HBO debates if eSports are real or not, suggests competitors may also attend Star Trek conventions | PCGamesN

HBO debates if eSports are real or not, suggests competitors may also attend Star Trek conventions

LoL World Championship

Oh jeez, here we go again. eSports have made it onto mainstream TV, being shown as a feature segment on HBO’s Real Sports show. You’d think being on a show called Real Sports that the presenters would have already deemed competitive gaming as a real sport, but no. Instead the main question was what kind of overlap was there between pro gamers and Star Trek convention attendees. 

The opening feature section featuring League of Legends thankfully does present eSports as the exciting scene it is, but the follow up discussion is exactly what you’d expect. Former pro tennis player Mary Carillo exclaims “It’s still not a sport. It’s a game!” Fox News correspondent Bernard Goldberg demands to see the statistics on how many ‘cyber athletes’ go to Star Trek conventions. Sports Illustrated writer Frank Deford goes as far as to call the twenty million LoL spectators as crazy people. 

Yes Frank, watching people work as a team to score points is crazy. 

Hosts Bryant Gumbel and Soledad O’Brien were more enthusiastic, with O’Brien explaining the physical movements needed to pull of the strategy requiring skill, and that competitors used sports visas to travel across the world. Grumbel notes that he gets why it’s a sport. 

Not everyone’s convinced then over at Real Sports, but then again I guess they don’t need to be. Whilst we always hope that mainstream coverage will be kind to games, in this case there’s no need to be too upset over the reaction. Yeah it’s not nice to be thought of as crazy and insignificant, but no one will be breaking out the torches and rallying against us for corrupting children this time. 

Thanks, GameSpot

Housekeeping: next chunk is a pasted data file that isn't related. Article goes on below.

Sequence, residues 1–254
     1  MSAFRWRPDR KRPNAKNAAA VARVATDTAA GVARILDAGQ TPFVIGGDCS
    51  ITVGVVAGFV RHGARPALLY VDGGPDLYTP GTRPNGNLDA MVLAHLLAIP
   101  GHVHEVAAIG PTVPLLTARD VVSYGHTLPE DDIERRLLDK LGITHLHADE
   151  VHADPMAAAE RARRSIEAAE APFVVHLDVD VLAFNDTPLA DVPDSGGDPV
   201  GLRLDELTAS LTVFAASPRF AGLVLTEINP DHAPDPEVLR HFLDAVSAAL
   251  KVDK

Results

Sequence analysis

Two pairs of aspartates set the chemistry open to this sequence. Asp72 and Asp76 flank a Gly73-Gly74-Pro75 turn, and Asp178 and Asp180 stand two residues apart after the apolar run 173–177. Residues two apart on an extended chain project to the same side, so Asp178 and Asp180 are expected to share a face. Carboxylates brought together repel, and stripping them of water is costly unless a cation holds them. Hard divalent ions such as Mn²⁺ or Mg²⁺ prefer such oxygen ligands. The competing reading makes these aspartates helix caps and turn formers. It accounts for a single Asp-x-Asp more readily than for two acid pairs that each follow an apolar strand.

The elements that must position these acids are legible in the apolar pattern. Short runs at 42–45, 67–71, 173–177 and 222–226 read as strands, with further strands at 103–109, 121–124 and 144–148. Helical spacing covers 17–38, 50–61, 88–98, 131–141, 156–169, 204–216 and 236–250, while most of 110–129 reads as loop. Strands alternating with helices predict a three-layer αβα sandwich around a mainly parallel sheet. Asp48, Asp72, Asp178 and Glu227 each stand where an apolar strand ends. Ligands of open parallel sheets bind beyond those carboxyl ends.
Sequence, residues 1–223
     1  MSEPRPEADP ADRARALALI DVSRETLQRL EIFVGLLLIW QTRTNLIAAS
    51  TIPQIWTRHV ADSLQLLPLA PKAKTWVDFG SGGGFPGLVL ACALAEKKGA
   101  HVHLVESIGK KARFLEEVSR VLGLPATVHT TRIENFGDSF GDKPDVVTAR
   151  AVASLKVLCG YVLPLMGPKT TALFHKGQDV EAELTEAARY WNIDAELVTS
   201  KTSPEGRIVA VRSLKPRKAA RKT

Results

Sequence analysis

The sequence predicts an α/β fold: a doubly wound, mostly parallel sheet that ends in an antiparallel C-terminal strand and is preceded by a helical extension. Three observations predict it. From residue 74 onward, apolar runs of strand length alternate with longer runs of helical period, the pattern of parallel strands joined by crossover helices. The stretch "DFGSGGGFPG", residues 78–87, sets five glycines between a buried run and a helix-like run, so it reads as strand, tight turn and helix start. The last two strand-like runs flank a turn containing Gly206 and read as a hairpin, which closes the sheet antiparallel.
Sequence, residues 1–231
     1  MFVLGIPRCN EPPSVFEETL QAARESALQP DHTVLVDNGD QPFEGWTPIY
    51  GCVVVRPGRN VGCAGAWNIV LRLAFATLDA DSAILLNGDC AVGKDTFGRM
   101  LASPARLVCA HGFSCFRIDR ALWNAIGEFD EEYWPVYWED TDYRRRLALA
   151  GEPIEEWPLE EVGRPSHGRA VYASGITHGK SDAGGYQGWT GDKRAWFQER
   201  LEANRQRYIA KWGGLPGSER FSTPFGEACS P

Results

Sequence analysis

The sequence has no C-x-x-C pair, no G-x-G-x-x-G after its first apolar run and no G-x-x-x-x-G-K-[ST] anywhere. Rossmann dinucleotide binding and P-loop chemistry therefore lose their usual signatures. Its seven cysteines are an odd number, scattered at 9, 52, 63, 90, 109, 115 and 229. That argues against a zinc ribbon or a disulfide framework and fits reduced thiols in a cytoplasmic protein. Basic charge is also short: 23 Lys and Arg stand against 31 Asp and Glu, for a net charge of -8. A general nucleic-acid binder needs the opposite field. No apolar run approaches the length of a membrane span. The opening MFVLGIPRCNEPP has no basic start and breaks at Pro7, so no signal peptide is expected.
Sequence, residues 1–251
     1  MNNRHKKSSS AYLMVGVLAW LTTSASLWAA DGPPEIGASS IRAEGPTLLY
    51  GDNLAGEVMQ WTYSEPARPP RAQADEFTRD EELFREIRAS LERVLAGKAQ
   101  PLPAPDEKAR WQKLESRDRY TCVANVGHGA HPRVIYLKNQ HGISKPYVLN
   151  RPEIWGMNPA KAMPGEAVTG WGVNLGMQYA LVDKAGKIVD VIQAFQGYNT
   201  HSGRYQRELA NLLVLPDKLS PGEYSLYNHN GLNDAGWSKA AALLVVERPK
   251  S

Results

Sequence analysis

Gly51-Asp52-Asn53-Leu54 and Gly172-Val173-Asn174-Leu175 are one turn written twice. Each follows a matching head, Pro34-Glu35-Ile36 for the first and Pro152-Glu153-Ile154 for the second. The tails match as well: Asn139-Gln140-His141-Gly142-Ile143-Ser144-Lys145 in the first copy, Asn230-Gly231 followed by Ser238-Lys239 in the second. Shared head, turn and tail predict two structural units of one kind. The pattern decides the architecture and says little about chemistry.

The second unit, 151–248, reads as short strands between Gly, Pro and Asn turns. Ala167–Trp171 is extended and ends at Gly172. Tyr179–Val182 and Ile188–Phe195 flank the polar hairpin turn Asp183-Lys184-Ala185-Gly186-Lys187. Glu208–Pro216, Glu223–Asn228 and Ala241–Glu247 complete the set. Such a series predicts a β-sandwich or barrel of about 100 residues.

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Dog Pants avatarShriven avatarTim Edwards avatarAlex avatar[5punk]Anery avatarGavitron avatar
Alex Avatar
4 Years ago

The continual quest to get eSports televised or "approved" by traditional sport media has always seemed rather pointless to me. We, the fans and organisers, have shown time after time that we're capable of supporting and hosting world-class competitions on our own.

We don't need broadcast TV coverage or "personalities" sitting in glossy studios to give their nod of approval to make eSports successful, popular and profitable.

Tim Edwards Avatar
4 Years ago

This times infinitybillion.

[5punk]Anery Avatar
4 Years ago

That repeated mantra "it's a game" Sorry, what is tennis again? football? Isn't baseball called the 'Grand Old Game'?

Sure the term athlete is not really correct here, but then again you struggle to apply that term to some baseball players or american football players, how about 10 pin bowlers?

The whole point of the piece was to point and laugh.

Your Honour, I would like to treat the witness as hostile.

Dog Pants Avatar
4 Years ago

I don't think calling e-sports professionals 'cyber athletes' is helping the case. The word athlete has certain connotations of physical fitness which is no more required in LoL than it is in darts or snooker, which may be sports but certainly aren't athletic. Come to think of it, the term 'cyber' isn't that great either. If they want to be bitchy though I'd like to point out that e-sportsmen don't hire servants to stand to attention and bring them balls, as they do in the game of tennis.

Shriven Avatar
4 Years ago

Professionals sounds just fine. I assumed being called athletes gets them all sorts of lower tax rates and refunds though. Im sure its down to that.

Gavitron Avatar
4 Years ago

I don't consider gaming a sport, but then I don't consider golf, pool, bowling or croquet sports either. They are games. It's ok to be a professional gamer. "eSports" is a stupid term. It's competitive gaming, amateur or professional. That's it.